“We tend to limit patients for whom the pathology is somewhat unusual, and the diagnostic imaging somewhat unusual, or patients for whom the medical or surgical oncologist has questions about management,” Douglas said, which typically represents about 10 % to 15% of patients. Blainey, MD, A breast cancer Specialist at Stanford Women’s Cancer Center in Palo Alto, California.
Although research is limited, evidence for the impact of oncology boards on important clinical outcomes, such as patient survival, is mixed.
This is largely because these effects are difficult to study in a controlled, critical way, said Sherry Ren, a surgical oncologist at Stanford University with a focus on gastrointestinal cancers.
one study, published in BMJIt was found that after providing multidisciplinary oncology care in hospitals in Scotland, breast cancer deaths were 18% lower among patients who received the team-based intervention. Another study is over That these teams “enhance the multidisciplinary management of patients with cancer,” provide feedback and sometimes lead to changes in diagnosis and treatment plans.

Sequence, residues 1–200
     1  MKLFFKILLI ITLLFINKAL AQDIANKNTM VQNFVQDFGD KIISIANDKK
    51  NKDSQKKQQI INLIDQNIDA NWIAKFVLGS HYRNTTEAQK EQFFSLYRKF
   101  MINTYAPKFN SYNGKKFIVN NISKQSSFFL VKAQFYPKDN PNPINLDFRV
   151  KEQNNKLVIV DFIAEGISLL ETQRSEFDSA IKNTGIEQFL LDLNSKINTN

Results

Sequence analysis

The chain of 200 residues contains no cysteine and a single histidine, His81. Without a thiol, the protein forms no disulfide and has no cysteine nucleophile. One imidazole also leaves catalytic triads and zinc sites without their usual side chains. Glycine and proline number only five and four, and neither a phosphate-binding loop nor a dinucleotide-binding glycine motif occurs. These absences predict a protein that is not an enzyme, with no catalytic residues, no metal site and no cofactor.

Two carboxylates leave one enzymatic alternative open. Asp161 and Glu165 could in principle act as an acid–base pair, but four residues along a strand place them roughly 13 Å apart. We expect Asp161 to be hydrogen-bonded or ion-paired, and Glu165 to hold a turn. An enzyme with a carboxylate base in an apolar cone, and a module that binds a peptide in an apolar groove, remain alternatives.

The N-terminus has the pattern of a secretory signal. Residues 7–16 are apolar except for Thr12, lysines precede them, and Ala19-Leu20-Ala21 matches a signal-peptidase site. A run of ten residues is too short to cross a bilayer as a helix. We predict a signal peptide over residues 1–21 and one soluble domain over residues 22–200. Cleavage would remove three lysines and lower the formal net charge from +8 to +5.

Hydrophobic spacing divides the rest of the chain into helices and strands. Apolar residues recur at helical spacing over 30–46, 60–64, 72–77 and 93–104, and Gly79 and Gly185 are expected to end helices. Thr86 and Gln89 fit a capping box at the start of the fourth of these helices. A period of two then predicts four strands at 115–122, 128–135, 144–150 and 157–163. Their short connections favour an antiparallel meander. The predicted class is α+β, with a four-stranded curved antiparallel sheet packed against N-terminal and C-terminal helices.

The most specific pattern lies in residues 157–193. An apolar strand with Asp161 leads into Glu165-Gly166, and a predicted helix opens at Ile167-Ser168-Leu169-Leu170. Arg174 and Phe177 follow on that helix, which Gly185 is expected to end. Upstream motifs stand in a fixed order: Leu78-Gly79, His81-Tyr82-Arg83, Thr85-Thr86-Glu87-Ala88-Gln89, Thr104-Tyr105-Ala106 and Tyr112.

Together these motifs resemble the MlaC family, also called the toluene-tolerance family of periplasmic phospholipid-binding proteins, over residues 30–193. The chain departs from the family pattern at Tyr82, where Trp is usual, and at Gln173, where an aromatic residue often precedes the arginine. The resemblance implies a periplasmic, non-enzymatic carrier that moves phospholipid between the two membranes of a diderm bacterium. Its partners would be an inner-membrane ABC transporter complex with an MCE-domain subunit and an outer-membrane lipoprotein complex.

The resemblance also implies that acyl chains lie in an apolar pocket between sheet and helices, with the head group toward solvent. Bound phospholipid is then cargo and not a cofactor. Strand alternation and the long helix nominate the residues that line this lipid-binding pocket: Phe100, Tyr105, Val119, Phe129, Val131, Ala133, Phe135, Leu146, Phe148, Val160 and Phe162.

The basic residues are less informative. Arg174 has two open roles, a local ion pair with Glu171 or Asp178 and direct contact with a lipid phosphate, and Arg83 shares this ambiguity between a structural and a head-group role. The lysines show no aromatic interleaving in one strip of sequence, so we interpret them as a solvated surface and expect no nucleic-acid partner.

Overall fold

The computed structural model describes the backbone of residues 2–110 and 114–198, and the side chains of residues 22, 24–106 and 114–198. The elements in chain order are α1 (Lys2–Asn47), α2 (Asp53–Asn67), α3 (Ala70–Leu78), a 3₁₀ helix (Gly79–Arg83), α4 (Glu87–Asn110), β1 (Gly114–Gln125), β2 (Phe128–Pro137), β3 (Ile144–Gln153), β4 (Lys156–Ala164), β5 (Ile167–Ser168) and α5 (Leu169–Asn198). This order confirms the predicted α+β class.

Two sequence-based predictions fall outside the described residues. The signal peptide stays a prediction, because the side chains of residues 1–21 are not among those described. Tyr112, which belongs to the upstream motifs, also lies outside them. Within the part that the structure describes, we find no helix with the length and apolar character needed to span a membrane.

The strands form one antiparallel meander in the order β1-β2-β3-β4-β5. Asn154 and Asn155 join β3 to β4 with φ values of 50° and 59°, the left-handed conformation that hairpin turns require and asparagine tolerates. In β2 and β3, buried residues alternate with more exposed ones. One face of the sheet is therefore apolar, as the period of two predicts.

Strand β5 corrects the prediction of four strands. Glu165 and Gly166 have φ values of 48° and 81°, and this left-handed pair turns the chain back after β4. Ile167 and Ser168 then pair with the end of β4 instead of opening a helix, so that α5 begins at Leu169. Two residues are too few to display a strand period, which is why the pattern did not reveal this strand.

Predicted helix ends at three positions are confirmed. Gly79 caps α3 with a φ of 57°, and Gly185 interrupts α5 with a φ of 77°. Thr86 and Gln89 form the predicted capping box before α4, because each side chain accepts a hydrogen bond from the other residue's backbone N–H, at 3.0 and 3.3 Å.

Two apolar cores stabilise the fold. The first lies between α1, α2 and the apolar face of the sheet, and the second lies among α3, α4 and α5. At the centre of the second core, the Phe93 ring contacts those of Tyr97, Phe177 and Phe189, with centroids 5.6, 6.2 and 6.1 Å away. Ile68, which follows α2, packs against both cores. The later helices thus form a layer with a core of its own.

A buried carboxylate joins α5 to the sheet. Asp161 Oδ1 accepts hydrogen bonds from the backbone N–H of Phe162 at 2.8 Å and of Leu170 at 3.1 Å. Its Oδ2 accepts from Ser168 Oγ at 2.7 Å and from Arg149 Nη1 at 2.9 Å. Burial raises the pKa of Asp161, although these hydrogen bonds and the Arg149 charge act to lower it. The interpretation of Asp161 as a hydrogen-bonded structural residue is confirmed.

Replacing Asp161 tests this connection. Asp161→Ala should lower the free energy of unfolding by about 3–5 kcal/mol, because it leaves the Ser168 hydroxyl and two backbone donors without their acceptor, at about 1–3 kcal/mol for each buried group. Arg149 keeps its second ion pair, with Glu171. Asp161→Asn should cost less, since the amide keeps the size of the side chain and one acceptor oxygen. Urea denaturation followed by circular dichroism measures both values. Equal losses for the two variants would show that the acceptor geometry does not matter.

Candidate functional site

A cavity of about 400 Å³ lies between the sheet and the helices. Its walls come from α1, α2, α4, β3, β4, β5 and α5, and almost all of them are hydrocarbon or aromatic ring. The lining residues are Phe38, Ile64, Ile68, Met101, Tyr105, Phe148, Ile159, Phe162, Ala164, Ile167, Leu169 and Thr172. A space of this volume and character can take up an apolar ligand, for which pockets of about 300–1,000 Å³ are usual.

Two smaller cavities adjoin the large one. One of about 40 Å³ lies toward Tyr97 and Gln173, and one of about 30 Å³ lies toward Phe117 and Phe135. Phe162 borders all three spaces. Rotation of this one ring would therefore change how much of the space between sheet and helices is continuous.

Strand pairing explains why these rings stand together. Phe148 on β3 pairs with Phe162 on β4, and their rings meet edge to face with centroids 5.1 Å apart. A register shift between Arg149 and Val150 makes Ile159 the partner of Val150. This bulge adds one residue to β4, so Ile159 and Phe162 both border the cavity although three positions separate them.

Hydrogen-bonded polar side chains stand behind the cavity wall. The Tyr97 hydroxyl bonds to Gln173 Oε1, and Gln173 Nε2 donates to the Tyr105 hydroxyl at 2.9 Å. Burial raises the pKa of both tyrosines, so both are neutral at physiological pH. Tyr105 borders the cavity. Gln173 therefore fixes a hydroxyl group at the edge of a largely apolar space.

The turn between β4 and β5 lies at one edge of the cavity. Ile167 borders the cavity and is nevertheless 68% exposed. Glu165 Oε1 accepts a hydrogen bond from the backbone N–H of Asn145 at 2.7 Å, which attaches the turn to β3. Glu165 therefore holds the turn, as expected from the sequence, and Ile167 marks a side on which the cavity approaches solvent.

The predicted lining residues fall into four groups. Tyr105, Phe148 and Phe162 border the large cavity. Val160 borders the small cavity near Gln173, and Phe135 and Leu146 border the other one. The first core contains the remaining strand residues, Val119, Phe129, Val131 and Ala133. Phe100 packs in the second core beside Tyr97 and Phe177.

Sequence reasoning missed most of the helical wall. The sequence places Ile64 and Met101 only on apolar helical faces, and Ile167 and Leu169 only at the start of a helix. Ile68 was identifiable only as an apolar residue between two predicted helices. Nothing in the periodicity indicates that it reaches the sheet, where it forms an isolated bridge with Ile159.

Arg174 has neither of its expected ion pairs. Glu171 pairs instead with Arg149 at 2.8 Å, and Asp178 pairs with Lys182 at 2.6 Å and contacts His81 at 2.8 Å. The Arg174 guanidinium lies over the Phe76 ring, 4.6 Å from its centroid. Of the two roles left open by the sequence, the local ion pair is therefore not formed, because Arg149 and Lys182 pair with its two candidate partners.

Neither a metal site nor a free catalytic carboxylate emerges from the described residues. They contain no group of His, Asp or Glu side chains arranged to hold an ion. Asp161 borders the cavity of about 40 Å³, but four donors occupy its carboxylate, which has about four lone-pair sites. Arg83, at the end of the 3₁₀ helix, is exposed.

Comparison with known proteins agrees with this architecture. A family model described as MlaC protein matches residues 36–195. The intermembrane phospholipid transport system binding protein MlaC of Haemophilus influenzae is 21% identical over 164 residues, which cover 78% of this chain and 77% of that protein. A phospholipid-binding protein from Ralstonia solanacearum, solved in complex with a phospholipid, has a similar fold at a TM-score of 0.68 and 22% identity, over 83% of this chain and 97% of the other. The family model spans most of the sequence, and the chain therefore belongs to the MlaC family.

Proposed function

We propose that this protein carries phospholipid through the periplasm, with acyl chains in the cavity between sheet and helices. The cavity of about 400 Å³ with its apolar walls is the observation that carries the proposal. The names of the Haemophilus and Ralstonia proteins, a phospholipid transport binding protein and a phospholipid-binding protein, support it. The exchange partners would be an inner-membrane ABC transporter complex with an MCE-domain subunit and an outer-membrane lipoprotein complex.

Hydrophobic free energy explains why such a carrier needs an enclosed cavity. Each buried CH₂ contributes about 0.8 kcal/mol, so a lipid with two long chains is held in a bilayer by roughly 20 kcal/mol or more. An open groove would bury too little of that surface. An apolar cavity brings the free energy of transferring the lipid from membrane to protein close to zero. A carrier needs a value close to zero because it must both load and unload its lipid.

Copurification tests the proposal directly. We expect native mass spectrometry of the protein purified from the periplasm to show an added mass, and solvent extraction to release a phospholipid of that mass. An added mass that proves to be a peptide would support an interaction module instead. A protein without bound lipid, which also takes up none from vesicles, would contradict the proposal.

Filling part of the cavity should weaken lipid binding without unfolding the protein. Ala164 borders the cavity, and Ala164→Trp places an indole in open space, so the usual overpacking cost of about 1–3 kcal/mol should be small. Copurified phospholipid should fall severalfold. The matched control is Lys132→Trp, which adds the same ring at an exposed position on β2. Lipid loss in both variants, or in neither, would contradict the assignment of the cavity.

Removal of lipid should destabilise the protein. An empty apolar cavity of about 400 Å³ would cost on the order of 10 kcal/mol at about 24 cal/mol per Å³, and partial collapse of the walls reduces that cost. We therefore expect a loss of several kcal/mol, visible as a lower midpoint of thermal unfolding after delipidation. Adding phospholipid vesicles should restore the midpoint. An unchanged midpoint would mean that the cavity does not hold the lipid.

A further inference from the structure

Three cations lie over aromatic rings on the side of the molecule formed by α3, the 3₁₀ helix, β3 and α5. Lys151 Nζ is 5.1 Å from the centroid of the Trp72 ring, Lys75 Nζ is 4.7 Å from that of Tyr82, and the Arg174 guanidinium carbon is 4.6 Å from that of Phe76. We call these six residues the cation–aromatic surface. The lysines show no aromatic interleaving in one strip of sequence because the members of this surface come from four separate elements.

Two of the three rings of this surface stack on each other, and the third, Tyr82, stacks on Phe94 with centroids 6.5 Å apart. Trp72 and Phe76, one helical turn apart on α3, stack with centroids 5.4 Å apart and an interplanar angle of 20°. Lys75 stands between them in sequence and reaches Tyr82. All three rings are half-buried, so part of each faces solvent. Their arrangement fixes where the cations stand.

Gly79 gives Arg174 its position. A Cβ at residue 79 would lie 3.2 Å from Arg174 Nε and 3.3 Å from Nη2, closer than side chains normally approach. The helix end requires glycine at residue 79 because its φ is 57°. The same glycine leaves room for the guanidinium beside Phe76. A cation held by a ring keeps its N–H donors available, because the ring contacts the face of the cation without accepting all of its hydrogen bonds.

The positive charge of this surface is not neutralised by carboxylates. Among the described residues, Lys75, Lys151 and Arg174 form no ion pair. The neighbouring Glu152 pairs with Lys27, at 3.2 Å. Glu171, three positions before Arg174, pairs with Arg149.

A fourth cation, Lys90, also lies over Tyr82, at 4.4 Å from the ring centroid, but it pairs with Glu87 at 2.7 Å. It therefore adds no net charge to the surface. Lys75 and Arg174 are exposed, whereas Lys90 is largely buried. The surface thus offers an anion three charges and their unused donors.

However, one Analytics Little association was observed between multidisciplinary tumor boards and measures of quality or survival.
Some of the inconsistencies may be due to how well the tumor panel is working. A 2019 analysis, for example, indicated that the 5-year survival rate was 15.6% higher among cases in the well-structured multidisciplinary tumor groups, but about 20% lower in the unstructured groups compared with the no tumor plate.
“It should come as no surprise that improved process performance or quality measures of outcomes are not expected by the presence of team meetings,” Blainey wrote in a letter. editorial. “Executing the plan is how we get results no matter how brilliant the plan, the talent of the team, or the difficulty of the task.”
Benefits outside of clinical decision making
Despite mixed data on patient outcomes, oncology boards can offer value outside the clinical decision-making process.
In a recent study published in gamma tumorsWren and colleagues reveal many of these functions: building trust, nurturing continuing education, as well as promoting understanding among professionals.
Patients may feel better with the treatment plan knowing that a panel of experts reviewed their condition and came to a consensus, Ren explained.